A machine at a chocolate factoryA machine at a chocolate factory The word “industry” describes an activity that produces the goods or services that people need or want. Industries fall into three groups. Primary industries are those that extract or grow raw materials, such as mining, fishing, farming and forestry. Secondary industries are manufacturing industries, which turn the raw materials into products such as cars, matches, books, pharmaceuticals (producing drugs for use in medicine) and buildings. Tertiary industries are service industries, which provide services for people. These industries include transport, shops, healthcare, banking, education, leisure and tourism.


The world's major mineral depositsThe world's major mineral depositsThe Earth contains many minerals that are vital to us today. Minerals are non-living substances such as rocks and metals found naturally in the Earth’s crust. Some metals, such as gold, can be found at the surface, but others are buried deep in the ground and have to be mined.

An opencast iron ore mineAn opencast iron ore mineMetals found near the surface, such as platinum, tin and uranium, are mined by the opencast method. Huge excavators cut away the surface rock and dig out the ore. In sub-surface mining, which is often necessary for metals such as silver, gold, lead and zinc, tunnels and shafts are dug deep into the Earth. First, geologists determine where the metals are. They carry out surveys of the rock layers beneath the surface, and also measure the magnetism of the rocks and minerals. This is because the magnetic field is stronger in rocks that contain metals such as iron, nickel and cobalt.

An opencast copper mineAn opencast copper mine

Smelting iron in a foundrySmelting iron in a foundryClick to play video


Some metals have to be extracted from the rock, or ore, in which they are found. The process used is called smelting. The rock is heated to a high temperature so that the metal melts and runs out. Iron is smelted from its ore in a blast furnace and mixed with coke and limestone. To make steel, the molten iron is poured into a steel converter. Oxygen burns off impurities, including most of the carbon, to create steel.

Inside a steel millInside a steel millDifferent types of steel can be made by adding other metals. With the addition of chromium or nickel, for example, stainless steel is produced. This is resistant to rust and water stains, making it a popular choice for sinks and cutlery. Titanium and vanadium steels resist very high temperatures without melting.



In the late 18th and 19th centuries, the development of new machinery radically changed the way that manufacturing was carried out. This period of change is known as the Industrial Revolution. It began in the UK and spread across Europe and to the USA. The new machines were too big for homes or workshops so manufacturing moved to larger buildings called factories.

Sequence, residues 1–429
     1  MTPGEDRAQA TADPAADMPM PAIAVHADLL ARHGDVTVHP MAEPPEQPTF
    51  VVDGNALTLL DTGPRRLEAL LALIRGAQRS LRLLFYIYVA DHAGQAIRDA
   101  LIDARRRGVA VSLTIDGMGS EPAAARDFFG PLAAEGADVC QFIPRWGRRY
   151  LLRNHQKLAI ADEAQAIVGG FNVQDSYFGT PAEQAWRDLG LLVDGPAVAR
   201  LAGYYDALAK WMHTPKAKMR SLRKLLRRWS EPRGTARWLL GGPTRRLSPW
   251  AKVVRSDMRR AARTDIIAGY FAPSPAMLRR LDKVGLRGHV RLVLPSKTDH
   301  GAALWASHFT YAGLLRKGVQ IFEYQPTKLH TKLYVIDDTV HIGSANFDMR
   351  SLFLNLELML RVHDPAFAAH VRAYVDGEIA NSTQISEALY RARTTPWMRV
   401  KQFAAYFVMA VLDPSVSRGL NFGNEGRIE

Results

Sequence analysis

Robots build cars in a factoryRobots build cars in a factoryToday, in many manufacturing industries around the world, machines are used instead of people to make goods. Highly automated industries, as they are called, are using more and more specialized equipment such as electronic technology and industrial robots to increase productivity. This has been partly responsible for increasing unemployment in certain countries. During the last part of the 20th century, Japan and other East Asian countries have developed highly automated industries, including electronics, computers and cars.

A traditional glass blowerA traditional glass blowerHandicrafts are also part of the manufacturing, or secondary, sector. In wealthier nations, the rise in the number of machine-made products on offer has also led to a rise in respect for quality handmade products. Handicrafts such as hand-woven carpets, pottery, furniture, quilts and jewellery can sell for high prices. Small manufacturing businesses conducted from home or small workshops are called cottage industries.

A shopping mall, Toronto, CanadaA shopping mall, Toronto, Canada


Wealthy and highly developed countries tend to have a large part of their population employed in service industries. For example, in the UK, 78% of the workforce is employed in services, such as finance, entertainment, healthcare, tourism and retail (shops). This is in contrast to the world's poorest countries, where the majority of people are employed in primary industries such as agriculture and fishing.

 Consultant: Lloyd Jenkins

See also in Geography

See also in Science

See also in Technology

China is the top manufacturing country in the world by output, a title held by the USA for over 100 years until 2010.

The largest building in the world by volume is the Boeing Everett factory in Washington, USA. It is also the world’s largest factory. It is where aeroplanes such as Boeing 747s and the 787 Dreamliner are assembled.

The world’s largest producer of mobile phones is currently Samsung, based in South Korea. They sell more than 280 million handsets per year.

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